When Earl Malyon was approached by Al Bourrier, Habitat Conservation Specialist with the Manitoba Habitat Heritage Corporation, to consider having a portion of his land preserved for wildlife habitat under a conservation agreement, he didn’t hesitate.
“I was familiar with the program and the efforts to conserve habitat in the area,” Earl says. “So when Al approached me, I knew where he was coming from.”
Earl is the reeve of the Rural Municipality of South Cypress. He and his wife Carol Lynn live a couple of miles northwest of Glenboro. The 80-acre parcel of land under the conservation agreement is about six kilometres south of Spruce Woods Provincial Park.
“The land is really only suited for pasture,” he says. “It’s sandy and hilly. Under the agreement, it can continue to be used as pasture, as long as it is managed properly to protect the habitat.”
The habitat is protected under a conservation agreement, or easement. Landowners who sign a conservation agreement receive a one-time payment as part of the agreement. The easement is recorded on the land title and remains in force with the transfer of ownership. The agreement is entirely voluntary. There are restrictions on the use of the land, such as no drainage or breaking, but normally the landowner can still take hay from the land or use it for grazing.
The area around Carberry, Shilo, Glenboro and Spruce Woods Provincial Park is part of anatural region known as the Assiniboine Delta. The delta was formed more than 10,000 years ago when massive amounts of meltwater from the retreating continental glacier swept along the Assiniboine River channel and emptied into glacial Lake Agassiz. The result is one of most unique landscapes in the province. It supports grasslands that are home to many species of plants, birds and animals that are threatened or endangered under the Species At Risk Act. One of those is the Northern Prairie Skink, an endangered species and Manitoba’s only lizard.
“The area is perfect habitat for the skink and that is what prompted me to talk to Earl,” Al explains. “The land is mixed upland forest with patches of mixed grass prairie, similar to the vegetation over much of the Assiniboine Delta. The skink prefers mixed grass prairie on sandy soils. Habitat of this type has been lost, and continues to be lost, at an alarming rate.”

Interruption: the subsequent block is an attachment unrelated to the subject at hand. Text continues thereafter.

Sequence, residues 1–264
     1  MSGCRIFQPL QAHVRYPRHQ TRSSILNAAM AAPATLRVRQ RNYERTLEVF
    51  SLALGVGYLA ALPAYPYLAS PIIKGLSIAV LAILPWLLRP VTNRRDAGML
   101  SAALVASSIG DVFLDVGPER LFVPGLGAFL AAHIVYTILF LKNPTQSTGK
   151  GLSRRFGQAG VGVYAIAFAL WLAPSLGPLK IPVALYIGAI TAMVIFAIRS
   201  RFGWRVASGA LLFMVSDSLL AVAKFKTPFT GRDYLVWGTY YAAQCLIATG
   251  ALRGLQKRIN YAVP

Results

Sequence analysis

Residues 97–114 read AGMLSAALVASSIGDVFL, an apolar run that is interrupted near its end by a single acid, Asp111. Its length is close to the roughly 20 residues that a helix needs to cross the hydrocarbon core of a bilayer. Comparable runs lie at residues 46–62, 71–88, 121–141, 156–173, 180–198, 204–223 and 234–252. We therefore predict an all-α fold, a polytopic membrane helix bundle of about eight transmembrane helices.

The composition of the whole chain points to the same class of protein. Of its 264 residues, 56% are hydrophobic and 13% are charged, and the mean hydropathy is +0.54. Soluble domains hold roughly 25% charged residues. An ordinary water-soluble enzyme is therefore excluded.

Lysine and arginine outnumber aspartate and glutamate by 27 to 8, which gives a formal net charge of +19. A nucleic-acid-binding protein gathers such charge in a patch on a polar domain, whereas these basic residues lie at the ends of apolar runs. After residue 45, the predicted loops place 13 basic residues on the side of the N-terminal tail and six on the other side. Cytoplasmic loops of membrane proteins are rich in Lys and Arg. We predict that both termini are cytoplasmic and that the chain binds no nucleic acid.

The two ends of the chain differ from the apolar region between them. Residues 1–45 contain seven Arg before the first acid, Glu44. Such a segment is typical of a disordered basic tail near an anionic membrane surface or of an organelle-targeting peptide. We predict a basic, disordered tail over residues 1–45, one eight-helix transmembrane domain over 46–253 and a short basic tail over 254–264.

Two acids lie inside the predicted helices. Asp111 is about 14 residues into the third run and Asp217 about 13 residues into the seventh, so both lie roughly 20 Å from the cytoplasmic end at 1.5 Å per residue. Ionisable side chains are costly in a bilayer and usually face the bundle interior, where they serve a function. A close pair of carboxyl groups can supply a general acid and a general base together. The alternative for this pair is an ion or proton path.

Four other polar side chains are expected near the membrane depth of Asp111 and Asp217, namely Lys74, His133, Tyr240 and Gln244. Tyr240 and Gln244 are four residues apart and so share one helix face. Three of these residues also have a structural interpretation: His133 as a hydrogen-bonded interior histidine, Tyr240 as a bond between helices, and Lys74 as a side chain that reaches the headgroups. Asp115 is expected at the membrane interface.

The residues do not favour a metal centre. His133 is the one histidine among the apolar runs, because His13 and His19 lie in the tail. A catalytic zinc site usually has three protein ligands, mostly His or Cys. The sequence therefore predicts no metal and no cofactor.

“We have seen skinks on that land for as long as I can remember and never gave it a second thought, but obviously it is special,” Earl says. “Besides that, there are some unique species of grasses growing there and also what we call sandhill cactus, and all kinds of birds.”
Observed within 10 kilometres of the Malyons are four species of grassland songbirds classified as threatened. These include the Loggerhead Shrike, Bobolink, Chestnut Collared Longspur and Sprague’s Pipit. The Ferruginous Hawk, also seen in the area, is threatened as well. The Burrowing Owl is an endangered species that lives in the area. Several plants also fall into the threatened category.
There is a direct correlation between the loss of grassland habitat and dramatic decline the populations of grassland birds. Biodiversity Canada has estimated that more than 70 percent of the original mixed grasslands on the Prairies has been converted to other uses. In Canada, since the 1970s there has been an overall population loss of nearly 50 percent of grassland birds, with some species as high as 87 percent.
In Manitoba, mixed-grass prairie is under increasing threat, primarily from annual cropping and oil and gas development in the southwest. As a result, grassland bird populations, are suffering big time. But there are initiatives underway in an attempt to reverse this disturbing trend. The Spruce Woods Provincial Park Draft Management Plan has a strategic objective to provide a large, contiguous and intact tract of habitat for wildlife in the Assiniboine Delta natural region, and the Manitoba Habitat Heritage Corporation is actively seeking out habitat in the area for protection. The conservation agreement with the Malyons is the seventh to be signed within a five kilometre area at the south edge of the Spruce Woods Provincial Park, bringing 768 acres of critical habitat under protection.
“I consider myself a bit of a conservationist,” says Earl. “I believe it is important to set aside pieces of the natural landscape for the future. You never know what’s going to happen down the road.”